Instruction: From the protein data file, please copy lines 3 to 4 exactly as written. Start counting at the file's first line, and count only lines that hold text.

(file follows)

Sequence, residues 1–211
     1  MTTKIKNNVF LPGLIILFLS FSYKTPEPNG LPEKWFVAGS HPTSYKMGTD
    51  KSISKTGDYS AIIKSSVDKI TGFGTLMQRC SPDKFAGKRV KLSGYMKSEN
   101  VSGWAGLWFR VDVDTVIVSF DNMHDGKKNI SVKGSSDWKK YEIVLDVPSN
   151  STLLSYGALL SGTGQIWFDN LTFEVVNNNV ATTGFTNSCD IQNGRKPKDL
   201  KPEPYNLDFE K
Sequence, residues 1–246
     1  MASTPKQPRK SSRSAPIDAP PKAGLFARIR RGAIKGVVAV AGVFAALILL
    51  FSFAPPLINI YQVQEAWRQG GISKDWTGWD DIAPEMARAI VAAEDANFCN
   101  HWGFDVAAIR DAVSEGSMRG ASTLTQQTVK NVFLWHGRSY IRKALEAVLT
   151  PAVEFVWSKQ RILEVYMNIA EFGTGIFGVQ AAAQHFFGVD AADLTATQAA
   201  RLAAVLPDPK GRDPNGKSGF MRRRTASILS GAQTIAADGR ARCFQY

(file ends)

    51  KSISKTGDYS AIIKSSVDKI TGFGTLMQRC SPDKFAGKRV KLSGYMKSEN
   101  VSGWAGLWFR VDVDTVIVSF DNMHDGKKNI SVKGSSDWKK YEIVLDVPSN